When Stan Lee wrote DC superheroes

When Stan Lee wrote DC superheroes
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Stan Lee passed away on Monday at the age of 95. The comic-book legend changed superheroes forever in the Golden Age of Comic Books. Even DC Comics, arch rival to Lee’s Marvel Comics, had to alter how their top-tier superheroes were written due to the Marvel legend.
He propped up the failing Marvel Comics and the company has not lost its lead ever since. It can be argued that Jack Kirby had more of an impact on comic-book characters, but it cannot be denied that Lee’s contribution was immense.
While Stan Lee’s work at Marvel — Spider-Man, the Avengers, Fantastic Four and so on — is very well-known, what is not so well-known is his work at DC. Sure, DC and Marvel have had a fractious relationship, which now extends to the cinematic universes. But Lee was one of the few comic-book creatives who was loved by both sides.
In 2001, Stan Lee re-imagined the most popular DC heroes. It was like how Batman, Superman, Wonder Woman and so on would have been like had Stan Lee got the chance to write them. This is how Lee’s DC trinity was like:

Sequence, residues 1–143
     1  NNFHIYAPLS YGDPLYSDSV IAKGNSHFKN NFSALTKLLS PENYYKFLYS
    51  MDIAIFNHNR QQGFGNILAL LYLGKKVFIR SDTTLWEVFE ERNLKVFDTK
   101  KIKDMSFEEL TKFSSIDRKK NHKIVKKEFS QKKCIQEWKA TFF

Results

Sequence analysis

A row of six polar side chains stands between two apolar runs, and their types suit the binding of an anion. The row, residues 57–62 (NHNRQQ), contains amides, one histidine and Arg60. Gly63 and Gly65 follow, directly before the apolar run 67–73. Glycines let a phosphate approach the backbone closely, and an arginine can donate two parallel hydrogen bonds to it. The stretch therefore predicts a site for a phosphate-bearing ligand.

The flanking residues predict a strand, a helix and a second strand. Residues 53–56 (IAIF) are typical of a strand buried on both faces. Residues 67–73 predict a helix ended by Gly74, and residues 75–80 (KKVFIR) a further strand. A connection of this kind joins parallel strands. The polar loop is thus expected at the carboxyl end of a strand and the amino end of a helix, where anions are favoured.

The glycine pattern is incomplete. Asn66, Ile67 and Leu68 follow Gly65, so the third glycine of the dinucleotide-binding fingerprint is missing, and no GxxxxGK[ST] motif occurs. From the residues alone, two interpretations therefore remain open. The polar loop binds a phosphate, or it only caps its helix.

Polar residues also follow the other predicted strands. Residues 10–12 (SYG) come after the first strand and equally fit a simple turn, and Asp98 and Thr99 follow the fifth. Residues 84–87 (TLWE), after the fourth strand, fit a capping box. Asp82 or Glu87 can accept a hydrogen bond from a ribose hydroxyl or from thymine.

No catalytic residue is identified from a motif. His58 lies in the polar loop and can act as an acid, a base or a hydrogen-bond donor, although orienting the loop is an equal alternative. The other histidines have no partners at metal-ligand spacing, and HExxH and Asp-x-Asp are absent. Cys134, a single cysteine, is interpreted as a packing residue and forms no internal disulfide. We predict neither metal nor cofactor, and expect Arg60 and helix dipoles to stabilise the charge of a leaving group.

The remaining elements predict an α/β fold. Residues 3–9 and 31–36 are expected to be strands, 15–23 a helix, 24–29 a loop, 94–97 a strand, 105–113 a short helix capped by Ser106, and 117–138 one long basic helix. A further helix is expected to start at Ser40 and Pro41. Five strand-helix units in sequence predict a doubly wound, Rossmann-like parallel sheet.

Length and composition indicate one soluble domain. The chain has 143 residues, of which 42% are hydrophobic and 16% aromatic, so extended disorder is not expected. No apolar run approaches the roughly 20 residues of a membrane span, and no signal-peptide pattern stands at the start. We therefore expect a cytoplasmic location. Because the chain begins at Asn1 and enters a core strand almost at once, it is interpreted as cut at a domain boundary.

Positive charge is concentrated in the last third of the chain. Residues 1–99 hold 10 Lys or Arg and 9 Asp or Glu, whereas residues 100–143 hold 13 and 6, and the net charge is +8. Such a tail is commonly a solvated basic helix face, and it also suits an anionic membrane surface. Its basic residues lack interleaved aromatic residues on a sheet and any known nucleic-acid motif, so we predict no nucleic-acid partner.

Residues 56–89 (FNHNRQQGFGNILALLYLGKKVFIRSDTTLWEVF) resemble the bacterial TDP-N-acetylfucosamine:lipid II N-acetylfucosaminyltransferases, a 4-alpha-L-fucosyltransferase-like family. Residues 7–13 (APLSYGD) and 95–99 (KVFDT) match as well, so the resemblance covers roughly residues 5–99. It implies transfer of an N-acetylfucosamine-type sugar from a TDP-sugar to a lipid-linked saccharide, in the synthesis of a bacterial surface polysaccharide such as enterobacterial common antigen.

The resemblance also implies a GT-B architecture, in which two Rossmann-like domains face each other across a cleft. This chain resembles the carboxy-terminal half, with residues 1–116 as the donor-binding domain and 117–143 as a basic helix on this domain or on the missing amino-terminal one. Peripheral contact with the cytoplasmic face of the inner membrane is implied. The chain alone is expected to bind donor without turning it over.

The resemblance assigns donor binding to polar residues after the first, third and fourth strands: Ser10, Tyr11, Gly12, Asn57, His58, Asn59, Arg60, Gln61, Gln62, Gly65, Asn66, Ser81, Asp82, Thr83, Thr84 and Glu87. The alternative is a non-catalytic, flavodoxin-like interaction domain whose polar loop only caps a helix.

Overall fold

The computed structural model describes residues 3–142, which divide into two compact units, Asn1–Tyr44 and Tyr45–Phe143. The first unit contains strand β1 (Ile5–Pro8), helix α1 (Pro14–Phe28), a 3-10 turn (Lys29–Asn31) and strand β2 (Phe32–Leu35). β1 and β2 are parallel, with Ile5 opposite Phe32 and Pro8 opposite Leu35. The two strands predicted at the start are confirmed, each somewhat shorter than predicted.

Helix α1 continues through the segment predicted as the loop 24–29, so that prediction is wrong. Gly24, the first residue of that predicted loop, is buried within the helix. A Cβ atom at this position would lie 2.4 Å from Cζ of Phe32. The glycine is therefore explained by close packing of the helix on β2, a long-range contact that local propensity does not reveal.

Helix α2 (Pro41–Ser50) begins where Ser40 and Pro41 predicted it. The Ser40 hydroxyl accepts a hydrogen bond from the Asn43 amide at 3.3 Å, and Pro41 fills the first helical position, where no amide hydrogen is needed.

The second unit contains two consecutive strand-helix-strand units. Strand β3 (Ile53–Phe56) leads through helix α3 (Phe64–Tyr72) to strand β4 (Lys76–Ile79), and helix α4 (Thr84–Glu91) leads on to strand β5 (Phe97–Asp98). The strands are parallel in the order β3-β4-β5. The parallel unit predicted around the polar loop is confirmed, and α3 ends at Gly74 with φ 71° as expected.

Batman: No Bruce Wayne here. Lee’s Batman was Wayne Williams, an African-American. Other things, though, are similar. This Batman is also rich, wears a bat-like costume and possesses advanced gadgets and weaponry. After his cop father is killed, he goes on a quest of vengeance. His “Batman” identity is the persona he adopts in wrestling. He never shows his real face to the audience.
Superman: Real name Salden, Stan Lee’s Superman is also a Kryptonian and a member of the Kryptonian Police Force. A criminal he captures takes himself and Salden to a blue-green planet called earth. The earth they arrive is too primitive and Salden assumes the mantle of Superman to fight the criminal who has become the head of a jungle tribe and also to rid the planet of its ills like poverty and war.
Wonder Woman: Not Diana, the princess of Themyscira, Lee’s Wonder Woman’s real name is Maria Mendoza and she is not a Greek goddess, but only a mortal. She is an activist and has been campaigning against the excavation of an Incan holy site near her village. The CEO of the firm that is excavating the site wants to gain the ancient power from the site’s artifacts and rule the world. He kidnaps Maria’s father and she arrives too late to save him. The CEO gains demonic powers. Maria, too, gains power, but a more benign kind from the Inca Sun God. The two fight in Los Angeles.